The New York Museum of Natural History is built over a subterranean labyrinth of neglected specimen vaults, unmapped drainage tunnels and long-forgotten catacombs.

And there's something down there.

When the mutilated bodies of two young boys are discovered deep within the museum's bowels, Lieutenant Vincent D'Agosta of the NYPD fears a homicidal maniac may be at large. FBI agent Aloysius X.L. Pendergast believes they may be facing something much worse.

As the death toll mounts, and with the opening of the museum's new 'Superstition' exhibition just days away, the two men must work together to prevent a massacre.

'Sit back,…


Book cover of The Haunting of Hiram

Griselda Heppel Author Of The Fall of a Sparrow

From my list on ghost stories.

Who am I?

I write adventure and mystery stories for children aged 9 - 13, involving battles with mythical creatures, dangerous pacts with demons, and other supernatural chills. My first book, Ante’s Inferno, won the People’s Book Prize and a Silver Wishing Shelf Award. For The Fall of a Sparrow, I drew on my love of ghost stories, not just for their scariness but also for their emotional complexity: ghosts don’t haunt just for the sake of it. They need something only the main character can give. Friendship, perhaps, a companion in their loneliness… or something much darker. Here’s my choice of classic stories in which ghosts pursue a wide – and sometimes terrifying – variety of agendas.

Griselda's book list on ghost stories

Griselda Heppel Why did Griselda love this book?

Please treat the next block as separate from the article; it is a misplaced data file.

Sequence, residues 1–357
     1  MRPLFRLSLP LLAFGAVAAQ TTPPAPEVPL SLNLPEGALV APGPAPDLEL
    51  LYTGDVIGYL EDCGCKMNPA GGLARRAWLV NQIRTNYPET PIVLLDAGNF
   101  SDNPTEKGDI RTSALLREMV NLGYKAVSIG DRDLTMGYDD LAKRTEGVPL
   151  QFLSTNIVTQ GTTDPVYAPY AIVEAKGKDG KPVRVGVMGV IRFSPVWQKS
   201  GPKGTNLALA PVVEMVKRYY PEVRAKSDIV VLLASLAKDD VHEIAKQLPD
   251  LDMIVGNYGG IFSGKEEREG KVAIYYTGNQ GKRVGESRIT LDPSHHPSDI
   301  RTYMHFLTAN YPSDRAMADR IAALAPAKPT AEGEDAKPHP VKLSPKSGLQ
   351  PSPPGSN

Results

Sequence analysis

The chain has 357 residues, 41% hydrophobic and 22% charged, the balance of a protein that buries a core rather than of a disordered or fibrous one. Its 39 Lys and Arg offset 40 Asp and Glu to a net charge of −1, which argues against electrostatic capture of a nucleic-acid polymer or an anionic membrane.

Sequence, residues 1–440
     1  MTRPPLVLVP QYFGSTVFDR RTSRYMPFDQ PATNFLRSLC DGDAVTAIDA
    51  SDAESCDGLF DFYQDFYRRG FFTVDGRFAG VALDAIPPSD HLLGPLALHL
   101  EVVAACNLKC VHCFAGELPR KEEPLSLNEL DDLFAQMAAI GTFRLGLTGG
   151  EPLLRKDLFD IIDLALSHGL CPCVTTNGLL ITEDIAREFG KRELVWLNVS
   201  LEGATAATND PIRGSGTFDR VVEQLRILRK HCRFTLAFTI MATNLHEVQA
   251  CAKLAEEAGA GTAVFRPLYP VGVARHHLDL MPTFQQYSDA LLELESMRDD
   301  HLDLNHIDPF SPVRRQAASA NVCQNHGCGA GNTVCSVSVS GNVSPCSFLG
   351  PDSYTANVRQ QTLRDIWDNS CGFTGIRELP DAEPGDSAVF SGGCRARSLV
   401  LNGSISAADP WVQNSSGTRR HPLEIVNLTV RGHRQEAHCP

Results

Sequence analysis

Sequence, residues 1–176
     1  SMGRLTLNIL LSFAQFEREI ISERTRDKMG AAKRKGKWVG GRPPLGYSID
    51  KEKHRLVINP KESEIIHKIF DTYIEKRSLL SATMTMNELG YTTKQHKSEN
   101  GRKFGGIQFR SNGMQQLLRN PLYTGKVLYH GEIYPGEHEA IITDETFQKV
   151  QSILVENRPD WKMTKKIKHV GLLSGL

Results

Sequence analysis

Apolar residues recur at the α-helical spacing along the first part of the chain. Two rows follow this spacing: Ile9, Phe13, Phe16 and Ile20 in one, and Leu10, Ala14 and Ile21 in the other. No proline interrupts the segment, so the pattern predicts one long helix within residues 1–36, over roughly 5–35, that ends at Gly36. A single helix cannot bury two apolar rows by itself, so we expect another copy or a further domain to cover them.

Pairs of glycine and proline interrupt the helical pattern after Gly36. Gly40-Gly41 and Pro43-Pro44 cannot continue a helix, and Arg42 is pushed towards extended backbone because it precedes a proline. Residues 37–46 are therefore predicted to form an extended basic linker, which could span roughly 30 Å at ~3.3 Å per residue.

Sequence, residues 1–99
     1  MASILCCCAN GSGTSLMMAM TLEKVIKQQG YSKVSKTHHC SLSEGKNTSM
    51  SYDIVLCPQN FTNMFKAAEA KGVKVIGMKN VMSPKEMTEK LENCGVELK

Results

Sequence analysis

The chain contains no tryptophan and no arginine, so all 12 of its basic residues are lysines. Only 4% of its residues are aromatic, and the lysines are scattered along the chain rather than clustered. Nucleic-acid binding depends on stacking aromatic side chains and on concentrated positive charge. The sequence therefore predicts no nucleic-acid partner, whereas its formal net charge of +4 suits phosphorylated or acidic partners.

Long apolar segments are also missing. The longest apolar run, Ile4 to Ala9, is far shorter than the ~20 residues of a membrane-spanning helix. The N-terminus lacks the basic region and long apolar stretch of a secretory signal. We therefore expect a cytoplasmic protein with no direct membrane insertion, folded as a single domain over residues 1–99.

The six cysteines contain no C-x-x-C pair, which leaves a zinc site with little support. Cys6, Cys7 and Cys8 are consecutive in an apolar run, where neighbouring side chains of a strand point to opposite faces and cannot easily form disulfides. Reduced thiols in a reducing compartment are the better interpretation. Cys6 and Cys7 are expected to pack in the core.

A delightful, bonkers story in which 12-year-old Alex MacBuff, Laird of ancient Castle Carra, is not so much haunted by a motley collection of ghosts as brought up by them from babyhood. For battle-hardened Krok the Viking, heartbroken Victorian governess Miss Spinks, spoilt 5-year-old poltergeist Flossie, retired vampire Stanislaus and failed Hellhound Cyril, Alex is the centre of their world, and they will do anything to help him. Anything, that is, except stop haunting the crumbling, much-loved but unaffordable Castle Carra that Alex needs to sell to Texan billionaire Hiram Hopgood. Which is awkward… as a ghost-free castle is part of the deal.

By Eva Ibbotson,

Why should I read it?

1 author picked The Haunting of Hiram as one of their favorite books, and they share why you should read it. This book is for kids age 8, 9, 10, and 11.

What is this book about?

'I will buy your castle,' declared Hiram C. Hopgood. 'But only if there are no ghosts!'

Alex MacBuff can't afford to keep his beloved Castle Carra, and an American millionaire has made him an offer he can't refuse. The castle is shipped all the way to Texas, but its ghostly inhabitants, including Krok the Viking warrior and a hell-hound called Cyril, follow their home across the Atlantic. How can Alex stop them haunting Hiram and also save the millionaire's daughter from an evil ransom plot?

The Haunting of Hiram is a wonderfully spooky young-fiction title from the award-winning author of…